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"As long as human rights are violated, there can be no foundation for peace. How can peace grow where speaking the truth is itself a crime?"

Jet Li says China, Tibet should be unified

December 14, 2007

Economic Times
13 Dec, 2007

HONG KONG: Jet Li, a prominent follower of Tibetan Buddhism, says he has
met with the Dalai Lama and respects his teachings but believes that
Tibet and China are part of one country.

The 44-year-old action star also said at a taping of an interview for
CNN's ``Talk Asia'' in Hong Kong late Wednesday that Taiwan and China
should be unified.

``From the religious point of view, he's the master,'' Li said of the
Dalai Lama, adding that when he met him in 2000 he told the spiritual
leader that he backed having the 2008 Olympic Games in Beijing.

China was bidding for the Olympics at the time and there was some
opposition to the bid.

``They (the Chinese) just want to show a wonderful party, the Olympics,
to the world,'' he said.

``Lots of famous guys ... they are my (spiritual) teachers. But it
doesn't mean I agree with their politics,'' Li said without specifically
naming anyone.

He said he believes China, Tibet, as well as the self-ruled island
Taiwan, should be ``unified together.''

China and Taiwan split amid civil war in 1949, but Beijing still views
the self-ruled island as its territory and has threatened to retake it
by force.

Chinese Communist troops occupied Tibet in 1951 and Beijing continues to
rule the region with a heavy hand. Beijing enforces strict controls on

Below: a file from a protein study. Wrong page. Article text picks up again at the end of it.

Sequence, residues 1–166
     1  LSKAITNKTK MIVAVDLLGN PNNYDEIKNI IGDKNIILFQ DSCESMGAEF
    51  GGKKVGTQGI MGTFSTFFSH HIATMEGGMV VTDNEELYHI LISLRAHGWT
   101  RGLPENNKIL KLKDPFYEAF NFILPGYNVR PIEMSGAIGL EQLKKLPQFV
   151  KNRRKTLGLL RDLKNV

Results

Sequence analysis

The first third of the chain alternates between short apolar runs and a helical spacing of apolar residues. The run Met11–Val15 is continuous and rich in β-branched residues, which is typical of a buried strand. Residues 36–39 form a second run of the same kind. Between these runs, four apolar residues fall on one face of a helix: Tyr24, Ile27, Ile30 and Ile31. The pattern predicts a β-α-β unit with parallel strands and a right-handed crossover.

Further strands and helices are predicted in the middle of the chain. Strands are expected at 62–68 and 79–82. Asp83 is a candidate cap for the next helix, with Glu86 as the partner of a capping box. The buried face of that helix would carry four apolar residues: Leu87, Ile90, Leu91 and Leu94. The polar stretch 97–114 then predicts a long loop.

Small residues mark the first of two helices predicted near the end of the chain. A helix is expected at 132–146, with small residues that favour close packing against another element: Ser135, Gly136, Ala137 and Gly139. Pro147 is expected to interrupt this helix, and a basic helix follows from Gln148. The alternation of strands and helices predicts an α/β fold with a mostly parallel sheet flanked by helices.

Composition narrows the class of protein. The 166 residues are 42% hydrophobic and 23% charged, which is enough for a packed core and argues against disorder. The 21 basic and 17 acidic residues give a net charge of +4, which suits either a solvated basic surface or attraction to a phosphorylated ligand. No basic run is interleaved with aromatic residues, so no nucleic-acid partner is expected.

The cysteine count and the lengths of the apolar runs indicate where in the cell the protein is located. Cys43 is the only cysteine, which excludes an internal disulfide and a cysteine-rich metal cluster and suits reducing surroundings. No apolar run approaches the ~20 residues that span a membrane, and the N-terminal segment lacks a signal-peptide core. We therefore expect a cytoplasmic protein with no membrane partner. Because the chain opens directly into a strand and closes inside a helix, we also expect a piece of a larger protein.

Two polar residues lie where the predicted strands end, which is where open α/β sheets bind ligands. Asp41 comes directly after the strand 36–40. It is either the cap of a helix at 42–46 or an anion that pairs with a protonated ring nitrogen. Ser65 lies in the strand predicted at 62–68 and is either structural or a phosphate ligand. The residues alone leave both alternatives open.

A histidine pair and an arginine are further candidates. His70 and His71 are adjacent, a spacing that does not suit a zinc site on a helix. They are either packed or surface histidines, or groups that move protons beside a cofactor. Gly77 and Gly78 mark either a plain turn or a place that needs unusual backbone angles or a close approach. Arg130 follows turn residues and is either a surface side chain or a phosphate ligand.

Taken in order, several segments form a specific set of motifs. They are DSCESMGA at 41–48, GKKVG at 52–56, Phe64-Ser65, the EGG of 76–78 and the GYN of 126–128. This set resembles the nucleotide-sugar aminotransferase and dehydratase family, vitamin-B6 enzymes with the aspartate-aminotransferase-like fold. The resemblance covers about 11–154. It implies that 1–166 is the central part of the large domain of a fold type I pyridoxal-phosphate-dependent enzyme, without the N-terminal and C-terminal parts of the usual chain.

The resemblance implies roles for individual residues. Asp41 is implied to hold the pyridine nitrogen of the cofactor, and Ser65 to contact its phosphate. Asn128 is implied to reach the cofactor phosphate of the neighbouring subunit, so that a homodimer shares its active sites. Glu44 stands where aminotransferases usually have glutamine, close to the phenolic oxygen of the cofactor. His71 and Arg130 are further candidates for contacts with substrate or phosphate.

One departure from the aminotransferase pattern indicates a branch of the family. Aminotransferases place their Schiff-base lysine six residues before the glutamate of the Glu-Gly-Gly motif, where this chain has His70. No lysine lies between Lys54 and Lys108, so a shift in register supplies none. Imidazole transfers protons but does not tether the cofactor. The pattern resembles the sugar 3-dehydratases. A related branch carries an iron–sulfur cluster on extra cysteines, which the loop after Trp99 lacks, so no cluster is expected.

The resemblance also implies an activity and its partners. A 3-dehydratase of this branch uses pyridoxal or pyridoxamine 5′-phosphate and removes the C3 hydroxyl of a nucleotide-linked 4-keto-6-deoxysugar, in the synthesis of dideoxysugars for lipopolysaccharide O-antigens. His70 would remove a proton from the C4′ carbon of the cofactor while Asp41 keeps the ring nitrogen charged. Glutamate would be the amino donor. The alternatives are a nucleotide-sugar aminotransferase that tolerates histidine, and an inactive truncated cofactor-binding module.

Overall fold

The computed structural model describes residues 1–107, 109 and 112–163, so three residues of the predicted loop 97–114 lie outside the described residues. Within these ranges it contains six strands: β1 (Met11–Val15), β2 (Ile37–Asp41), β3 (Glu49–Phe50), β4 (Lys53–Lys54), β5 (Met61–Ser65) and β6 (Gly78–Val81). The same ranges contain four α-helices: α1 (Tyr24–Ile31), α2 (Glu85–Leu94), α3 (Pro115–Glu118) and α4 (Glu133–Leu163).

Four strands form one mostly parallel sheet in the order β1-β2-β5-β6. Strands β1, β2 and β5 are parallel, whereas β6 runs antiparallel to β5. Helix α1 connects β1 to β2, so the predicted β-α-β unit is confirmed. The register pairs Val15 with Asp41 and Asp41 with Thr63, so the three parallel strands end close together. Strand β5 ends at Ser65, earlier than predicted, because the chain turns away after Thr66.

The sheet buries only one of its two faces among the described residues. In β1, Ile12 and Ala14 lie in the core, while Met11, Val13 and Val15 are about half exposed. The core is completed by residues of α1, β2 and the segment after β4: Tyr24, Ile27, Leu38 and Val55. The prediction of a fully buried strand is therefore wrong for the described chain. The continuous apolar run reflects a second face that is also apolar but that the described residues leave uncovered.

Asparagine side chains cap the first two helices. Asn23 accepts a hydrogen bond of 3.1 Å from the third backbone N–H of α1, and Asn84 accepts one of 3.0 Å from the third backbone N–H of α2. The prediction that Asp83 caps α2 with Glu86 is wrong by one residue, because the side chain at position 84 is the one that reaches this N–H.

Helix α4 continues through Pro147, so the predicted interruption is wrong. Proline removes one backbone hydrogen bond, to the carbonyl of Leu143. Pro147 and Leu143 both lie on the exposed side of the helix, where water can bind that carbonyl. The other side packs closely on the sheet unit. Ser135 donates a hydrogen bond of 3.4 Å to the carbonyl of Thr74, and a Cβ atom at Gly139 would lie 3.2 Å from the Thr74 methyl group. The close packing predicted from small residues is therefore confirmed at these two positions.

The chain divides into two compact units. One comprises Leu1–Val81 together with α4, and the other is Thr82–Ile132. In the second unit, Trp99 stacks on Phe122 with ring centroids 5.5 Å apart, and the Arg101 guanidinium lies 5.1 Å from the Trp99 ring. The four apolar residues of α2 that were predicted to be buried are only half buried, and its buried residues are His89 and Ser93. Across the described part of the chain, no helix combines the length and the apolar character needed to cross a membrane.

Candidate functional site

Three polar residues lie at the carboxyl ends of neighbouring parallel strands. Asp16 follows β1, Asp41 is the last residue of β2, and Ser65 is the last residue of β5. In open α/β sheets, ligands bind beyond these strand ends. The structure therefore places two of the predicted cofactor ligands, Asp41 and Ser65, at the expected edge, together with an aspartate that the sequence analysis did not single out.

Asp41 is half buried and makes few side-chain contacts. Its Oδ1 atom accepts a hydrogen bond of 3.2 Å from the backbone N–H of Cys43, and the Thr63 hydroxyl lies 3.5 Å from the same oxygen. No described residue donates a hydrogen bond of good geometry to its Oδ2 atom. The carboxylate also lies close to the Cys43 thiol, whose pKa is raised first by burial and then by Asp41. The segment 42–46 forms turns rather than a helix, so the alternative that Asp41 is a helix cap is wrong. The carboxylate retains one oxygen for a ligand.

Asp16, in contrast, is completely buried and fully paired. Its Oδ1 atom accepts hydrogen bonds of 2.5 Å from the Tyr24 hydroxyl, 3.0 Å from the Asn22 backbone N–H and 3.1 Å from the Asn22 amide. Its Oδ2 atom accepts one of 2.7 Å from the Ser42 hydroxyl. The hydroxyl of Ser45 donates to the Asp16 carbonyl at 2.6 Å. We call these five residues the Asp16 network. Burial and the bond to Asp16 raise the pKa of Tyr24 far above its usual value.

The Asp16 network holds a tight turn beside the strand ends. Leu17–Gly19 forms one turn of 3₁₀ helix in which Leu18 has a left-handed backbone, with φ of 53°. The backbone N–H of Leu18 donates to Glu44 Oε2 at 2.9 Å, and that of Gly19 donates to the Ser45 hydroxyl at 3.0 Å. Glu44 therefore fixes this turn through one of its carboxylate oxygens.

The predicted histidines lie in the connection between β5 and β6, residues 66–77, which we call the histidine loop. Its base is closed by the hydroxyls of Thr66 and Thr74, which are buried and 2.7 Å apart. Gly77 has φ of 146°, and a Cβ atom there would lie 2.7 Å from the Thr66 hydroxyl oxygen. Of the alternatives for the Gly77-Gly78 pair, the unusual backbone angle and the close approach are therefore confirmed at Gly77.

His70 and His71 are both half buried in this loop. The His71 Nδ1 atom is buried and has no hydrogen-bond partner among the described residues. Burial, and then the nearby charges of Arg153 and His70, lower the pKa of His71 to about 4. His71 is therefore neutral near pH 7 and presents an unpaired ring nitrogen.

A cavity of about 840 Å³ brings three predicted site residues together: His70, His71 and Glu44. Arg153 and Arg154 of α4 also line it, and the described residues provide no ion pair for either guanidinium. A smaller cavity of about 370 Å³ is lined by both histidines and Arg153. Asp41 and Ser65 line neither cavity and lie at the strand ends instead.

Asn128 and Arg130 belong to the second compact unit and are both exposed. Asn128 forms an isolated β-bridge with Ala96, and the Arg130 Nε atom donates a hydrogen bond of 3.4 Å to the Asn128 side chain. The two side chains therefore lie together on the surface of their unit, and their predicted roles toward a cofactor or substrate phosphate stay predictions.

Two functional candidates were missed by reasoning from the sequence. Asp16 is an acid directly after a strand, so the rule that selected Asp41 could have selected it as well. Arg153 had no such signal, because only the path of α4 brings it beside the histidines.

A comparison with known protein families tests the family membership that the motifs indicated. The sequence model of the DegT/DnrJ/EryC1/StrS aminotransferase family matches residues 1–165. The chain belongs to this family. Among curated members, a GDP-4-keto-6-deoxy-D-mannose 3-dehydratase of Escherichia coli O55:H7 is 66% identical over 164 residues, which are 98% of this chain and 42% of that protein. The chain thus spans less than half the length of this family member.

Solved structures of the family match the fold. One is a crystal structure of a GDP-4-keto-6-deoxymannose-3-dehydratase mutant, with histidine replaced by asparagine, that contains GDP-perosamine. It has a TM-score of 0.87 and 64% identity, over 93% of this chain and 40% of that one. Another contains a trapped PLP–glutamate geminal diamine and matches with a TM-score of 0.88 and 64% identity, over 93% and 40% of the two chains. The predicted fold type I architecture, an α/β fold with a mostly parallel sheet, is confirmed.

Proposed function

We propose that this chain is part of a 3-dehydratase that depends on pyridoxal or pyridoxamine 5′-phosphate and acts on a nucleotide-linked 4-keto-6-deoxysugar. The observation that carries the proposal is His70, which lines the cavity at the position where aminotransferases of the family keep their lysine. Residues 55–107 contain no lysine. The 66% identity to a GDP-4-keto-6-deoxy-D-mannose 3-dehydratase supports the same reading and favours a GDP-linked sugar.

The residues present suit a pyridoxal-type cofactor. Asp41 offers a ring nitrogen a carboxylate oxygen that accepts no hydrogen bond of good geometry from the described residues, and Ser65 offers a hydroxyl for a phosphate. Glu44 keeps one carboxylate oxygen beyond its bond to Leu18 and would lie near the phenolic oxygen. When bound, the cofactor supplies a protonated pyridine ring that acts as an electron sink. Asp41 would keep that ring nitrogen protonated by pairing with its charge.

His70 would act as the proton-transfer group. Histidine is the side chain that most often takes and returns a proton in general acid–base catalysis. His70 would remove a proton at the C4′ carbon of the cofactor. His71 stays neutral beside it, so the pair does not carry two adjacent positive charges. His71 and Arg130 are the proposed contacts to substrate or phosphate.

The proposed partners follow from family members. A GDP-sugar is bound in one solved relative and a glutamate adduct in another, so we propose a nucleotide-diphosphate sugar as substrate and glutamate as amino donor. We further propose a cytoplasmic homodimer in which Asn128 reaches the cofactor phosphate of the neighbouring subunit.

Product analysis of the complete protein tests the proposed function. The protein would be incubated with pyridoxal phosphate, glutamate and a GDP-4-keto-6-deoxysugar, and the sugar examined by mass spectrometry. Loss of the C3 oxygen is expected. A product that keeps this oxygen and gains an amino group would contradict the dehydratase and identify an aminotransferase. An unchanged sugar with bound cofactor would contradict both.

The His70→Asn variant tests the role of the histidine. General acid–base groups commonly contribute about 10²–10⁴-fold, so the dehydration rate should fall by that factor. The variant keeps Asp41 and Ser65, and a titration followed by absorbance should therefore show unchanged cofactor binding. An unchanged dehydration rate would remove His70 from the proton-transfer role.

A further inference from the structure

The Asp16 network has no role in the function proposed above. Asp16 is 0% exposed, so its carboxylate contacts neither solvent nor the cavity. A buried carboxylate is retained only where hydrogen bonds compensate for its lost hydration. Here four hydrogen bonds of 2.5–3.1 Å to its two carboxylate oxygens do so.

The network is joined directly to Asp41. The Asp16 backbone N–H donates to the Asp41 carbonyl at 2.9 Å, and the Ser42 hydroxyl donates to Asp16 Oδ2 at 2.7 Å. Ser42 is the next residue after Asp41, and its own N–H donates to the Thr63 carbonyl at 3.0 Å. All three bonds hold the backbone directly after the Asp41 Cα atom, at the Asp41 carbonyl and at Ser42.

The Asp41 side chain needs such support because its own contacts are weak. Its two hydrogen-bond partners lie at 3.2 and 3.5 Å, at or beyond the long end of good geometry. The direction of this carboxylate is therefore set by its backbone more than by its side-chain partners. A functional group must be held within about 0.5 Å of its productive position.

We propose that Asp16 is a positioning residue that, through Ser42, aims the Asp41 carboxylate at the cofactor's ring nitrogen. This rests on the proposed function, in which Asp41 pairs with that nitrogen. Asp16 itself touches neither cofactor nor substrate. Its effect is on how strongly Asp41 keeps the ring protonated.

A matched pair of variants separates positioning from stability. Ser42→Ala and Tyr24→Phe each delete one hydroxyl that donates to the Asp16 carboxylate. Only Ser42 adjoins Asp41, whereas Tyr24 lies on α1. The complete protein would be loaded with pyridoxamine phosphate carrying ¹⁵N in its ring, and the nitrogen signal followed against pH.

religious institutions and routinely vilifies the 71-year-old Dalai
Lama, who fled to India in 1959 amid an aborted uprising against Chinese

China says it has ruled Tibet for centuries, although many Tibetans say
their homeland was essentially an independent state for most of that time.

Beijing has also long insisted it helped Tibetans by ending the Dalai
Lama's rule, which Chinese officials often deride as ``feudal.''

The Dalai Lama has called for China to give Tibet full autonomy. Li, a
major star in his native China, said he hasn't run into trouble with the
Chinese government for his meeting with the Dalai Lama.

Li says on his official Web site that Tibetan Buddhism, ``has inspired
me and accelerated my understanding of life.''

On the Tibet question, he says on his Web site, ``national borders and
ethnic questions are political, not religious questions'' and that
``issues concerning the Chinese government and Tibet are that of an
administering country managing an internal situation.''

Activists who monitor the situation in Tibet didn't immediately respond
to e-mails from The Associated Press seeking comment on Li's statements.

Asked in Wednesday's interview to name the keys of his success, Li named
his parents, his fans _ and the Chinese government for selecting him to
perform in kung fu demonstrations abroad when he was young.

``I truly appreciate the country for teaching me martial arts and giving
me the opportunity to represent China around the world. I learned
everything to build up my career,'' he said.

Li was a national champion in kung fu in China and performed for U.S.
President Richard Nixon at the White House's Rose Garden in 1974,
according to Li's Web site.

He made his name in Hong Kong movies before moving on to Hollywood,
where his credits include ``Lethal Weapon 4,'' ``Romeo Must Die'' and
``Cradle 2 the Grave.''
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